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Network File System (NFS) is a network file system protocol originally developed by Sun Microsystems in 1984, allowing a user on a client computer to access files over a network as easily as if the network devices were attached to its local disks. NFS, like many other protocols, builds on the Open Network Computing Remote Procedure Call (ONC RPC) system. The Network File System protocol is specified in RFC 1094, RFC 1813, and RFC 3530 (which obsoletes RFC 3010). In computing and telecommunications, the transport layer is the second highest layer in the four and five layer TCP/IP reference models, where it responds to service requests from the application layer and issues service requests to the Internet layer. ... The Transmission Control Protocol (TCP) is one of the core protocols of the Internet protocol suite. ... User Datagram Protocol (UDP) is one of the core protocols of the Internet protocol suite. ... The Datagram Congestion Control Protocol (DCCP) is a message-oriented transport layer protocol that is currently under development in the IETF. Applications that might make use of DCCP include those with timingconstraints on the delivery of data such that reliable in-order delivery, when combined with congestion control, is likely... In the field of computer networking, the IETF Signaling Transport (SIGTRAN) working group defined the Stream Control Transmission Protocol (SCTP) as a transport layer protocol in 2000. ... The Real-time Transport Protocol (or RTP) defines a standardized packet format for delivering audio and video over the Internet. ... The Resource ReSerVation Protocol (RSVP), described in RFC 2205, is a Transport layer protocol designed to reserve resources across a network for an integrated services Internet. ... The Internet Group Management Protocol (IGMP) is a communications protocol used to manage the membership of Internet Protocol multicast groups. ... The network layer is third layer out of seven in OSI model and it is the third layer out of five in TCP/IP model. ... The Internet Protocol (IP) is a data-oriented protocol used for communicating data across a packet-switched internetwork. ... Internet Protocol version 4 is the fourth iteration of the Internet Protocol (IP) and it is the first version of the protocol to be widely deployed. ... Internet Protocol version 6 (IPv6) is a network layer protocol for packet-switched internetworks. ... The Open Shortest Path First (OSPF) protocol is a hierarchical interior gateway protocol (IGP) for routing in Internet Protocol, using a link-state in the individual areas that make up the hierarchy. ... Is Is is Yeah Yeah Yeahs third EP, to be released on July 24, 2007. ... The Border Gateway Protocol (BGP) is the core routing protocol of the Internet. ... IPsec (IP security) is a suite of protocols for securing Internet Protocol (IP) communications by authenticating and/or encrypting each IP packet in a data stream. ... In computer networking, the Address Resolution Protocol (ARP) is the standard method for finding a hosts hardware address when only its network layer address is known. ... Reverse Address Resolution Protocol (RARP) is a network layer protocol used to obtain an IP address for a given hardware address (such as an Ethernet address). ... This article is chiefly about the Routing Information Protocol (RIP) for the Internet Protocol, but also discusses some other routing information protocols. ... The Internet Control Message Protocol (ICMP) is one of the core protocols of the Internet protocol suite. ... The ICMP for IPv6 (Internet Control Message Protocol Version 6) is an integral part of the IPv6 architecture and must be completely supported by all IPv6 implementations. ... This article does not cite any references or sources. ... IEEE 802. ... The IEEE 802. ... Official Wi-Fi logo Wi-Fi (pronounced wye-fye, IPA: ) is a wireless technology brand owned by the Wi-Fi Alliance intended to improve the interoperability of wireless local area network products based on the IEEE 802. ... Official WiMax logo WiMAX, the Worldwide Interoperability for Microwave Access, is a telecommunications technology aimed at providing wireless data over long distances in a variety of ways, from point-to-point links to full mobile cellular type access. ... Asynchronous Transfer Mode (ATM) is a cell relay, packet switching network and data link layer protocol which encodes data traffic into small (53 bytes; 48 bytes of data and 5 bytes of header information) fixed-sized cells. ... Dynamic synchronous Transfer Mode , or DTM for short, is a network protocol. ... Token-Ring local area network (LAN) technology was developed and promoted by IBM in the early 1980s and standardised as IEEE 802. ... Ethernet is a large, diverse family of frame-based computer networking technologies that operate at many speeds for local area networks (LANs). ... In computer networking, fiber-distributed data interface (FDDI) is a standard for data transmission in a local area network that can extend in range up to 200 km (124 miles). ... In the context of computer networking, frame relay consists of an efficient data transmission technique used to send digital information quickly and cheaply in a relay of frames to one or many destinations from one or many end-points. ... General Packet Radio Service (GPRS) is a Mobile Data Service available to users of Global System for Mobile Communications (GSM) and IS-136 mobile phones. ... Evolution-Data Optimized or Evolution-Data only, abbreviated as EV-DO or EVDO and often EV, is one telecommunications standard for the wireless transmission of data through radio signals, typically for broadband Internet access. ... High-Speed Packet Access (HSPA) is a collection of mobile telephony protocols that extend and improve the performance of existing UMTS protocols. ... High-Level Data Link Control (HDLC) is a bit-oriented synchronous data link layer protocol developed by the International Organization for Standardization (ISO). ... In computing, the Point-to-Point Protocol, or PPP, is commonly used to establish a direct connection between two nodes. ... The Point-to-Point Tunneling Protocol (PPTP) is a method for implementing virtual private networks. ... In computer networking, the Layer 2 Tunneling Protocol (L2TP) is a tunneling protocol used to support virtual private networks (VPNs). ... ISDN redirects here. ... This article does not cite any references or sources. ... IEEE photograph of a diagram with the original terms for describing Ethernet drawn by Robert M. Metcalfe around 1976. ... For other uses, see Modem (disambiguation). ... For other uses, see Power band. ... It has been suggested that this article be split into articles entitled Synchronous optical networking, SONET and Synchronous digital hierarchy. ... There are very few or no other articles that link to this one. ... Optical fibers An optical fiber (or fibre) is a glass or plastic fiber designed to guide light along its length. ... Coaxial Cable For the weapon, see coaxial weapon. ... 25 Pair Color Code Chart 10BASE-T UTP Cable Twisted pair cabling is a common form of wiring in which two conductors are wound around each other for the purposes of cancelling out electromagnetic interference known as crosstalk. ... For the protocol of this name, see Network File System (protocol). ... Sun Microsystems, Inc. ... This article is about the machine. ... A computer network is an interconnection of a group of computers. ... ONC RPC, short for Open Network Computing Remote Procedure Call, is a widely deployed remote procedure call system. ...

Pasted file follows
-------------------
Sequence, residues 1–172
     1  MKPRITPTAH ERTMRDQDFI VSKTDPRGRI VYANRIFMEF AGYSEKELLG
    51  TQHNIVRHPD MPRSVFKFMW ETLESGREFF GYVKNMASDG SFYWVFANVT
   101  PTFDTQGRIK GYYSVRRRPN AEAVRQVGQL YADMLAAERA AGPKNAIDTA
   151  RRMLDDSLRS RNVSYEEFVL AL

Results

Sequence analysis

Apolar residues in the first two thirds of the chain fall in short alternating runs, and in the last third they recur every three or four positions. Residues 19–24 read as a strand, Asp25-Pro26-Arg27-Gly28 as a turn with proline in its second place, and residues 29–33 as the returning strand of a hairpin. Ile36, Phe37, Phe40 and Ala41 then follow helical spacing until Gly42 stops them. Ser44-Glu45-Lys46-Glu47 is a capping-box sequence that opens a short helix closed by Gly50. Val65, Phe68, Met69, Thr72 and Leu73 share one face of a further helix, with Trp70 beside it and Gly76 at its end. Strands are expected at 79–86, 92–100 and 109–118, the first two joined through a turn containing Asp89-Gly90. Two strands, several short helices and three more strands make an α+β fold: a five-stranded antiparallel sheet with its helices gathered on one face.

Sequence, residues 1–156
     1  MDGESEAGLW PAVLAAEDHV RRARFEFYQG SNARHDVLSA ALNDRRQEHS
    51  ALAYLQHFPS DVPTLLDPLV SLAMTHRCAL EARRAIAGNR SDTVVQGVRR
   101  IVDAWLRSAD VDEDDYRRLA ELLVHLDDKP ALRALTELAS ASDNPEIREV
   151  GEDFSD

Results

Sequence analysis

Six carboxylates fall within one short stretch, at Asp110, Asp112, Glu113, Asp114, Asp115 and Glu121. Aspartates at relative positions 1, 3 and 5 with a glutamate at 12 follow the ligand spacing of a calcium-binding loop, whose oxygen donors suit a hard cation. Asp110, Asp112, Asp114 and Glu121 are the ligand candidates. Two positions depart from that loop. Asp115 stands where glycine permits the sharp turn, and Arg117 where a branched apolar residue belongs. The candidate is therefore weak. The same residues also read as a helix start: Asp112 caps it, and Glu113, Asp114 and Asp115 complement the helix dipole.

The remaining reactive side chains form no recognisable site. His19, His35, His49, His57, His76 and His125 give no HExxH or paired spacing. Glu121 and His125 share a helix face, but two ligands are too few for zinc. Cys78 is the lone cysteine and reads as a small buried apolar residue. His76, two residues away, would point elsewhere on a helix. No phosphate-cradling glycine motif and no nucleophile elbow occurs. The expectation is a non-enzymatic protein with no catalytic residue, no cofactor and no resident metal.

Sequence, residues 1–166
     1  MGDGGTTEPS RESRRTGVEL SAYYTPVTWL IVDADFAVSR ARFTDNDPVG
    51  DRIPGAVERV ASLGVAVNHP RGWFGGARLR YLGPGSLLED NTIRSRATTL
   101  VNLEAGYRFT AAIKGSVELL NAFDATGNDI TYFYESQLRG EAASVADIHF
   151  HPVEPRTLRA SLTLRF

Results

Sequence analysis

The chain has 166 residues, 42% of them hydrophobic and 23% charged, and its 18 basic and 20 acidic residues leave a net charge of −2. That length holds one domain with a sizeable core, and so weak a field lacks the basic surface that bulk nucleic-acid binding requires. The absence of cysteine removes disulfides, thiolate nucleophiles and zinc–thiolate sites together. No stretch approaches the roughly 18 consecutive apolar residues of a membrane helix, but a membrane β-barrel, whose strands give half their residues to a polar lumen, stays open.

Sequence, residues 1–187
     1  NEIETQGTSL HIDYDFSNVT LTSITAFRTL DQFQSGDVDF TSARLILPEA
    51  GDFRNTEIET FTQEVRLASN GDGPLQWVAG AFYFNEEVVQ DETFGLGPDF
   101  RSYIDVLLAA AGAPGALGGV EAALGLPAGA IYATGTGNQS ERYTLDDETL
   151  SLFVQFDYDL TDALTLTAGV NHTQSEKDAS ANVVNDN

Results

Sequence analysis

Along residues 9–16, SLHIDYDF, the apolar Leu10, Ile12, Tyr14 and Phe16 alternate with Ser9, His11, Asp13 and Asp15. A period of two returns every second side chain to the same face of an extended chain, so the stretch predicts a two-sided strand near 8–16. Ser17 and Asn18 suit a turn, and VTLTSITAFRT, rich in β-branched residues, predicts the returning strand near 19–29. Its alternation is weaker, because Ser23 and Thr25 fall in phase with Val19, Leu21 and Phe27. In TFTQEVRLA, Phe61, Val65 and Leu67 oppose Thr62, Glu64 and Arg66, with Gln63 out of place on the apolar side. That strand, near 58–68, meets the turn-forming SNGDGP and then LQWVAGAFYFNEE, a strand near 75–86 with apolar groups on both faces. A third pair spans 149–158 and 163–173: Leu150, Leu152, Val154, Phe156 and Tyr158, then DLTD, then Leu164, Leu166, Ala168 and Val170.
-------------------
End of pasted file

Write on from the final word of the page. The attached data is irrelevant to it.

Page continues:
Contents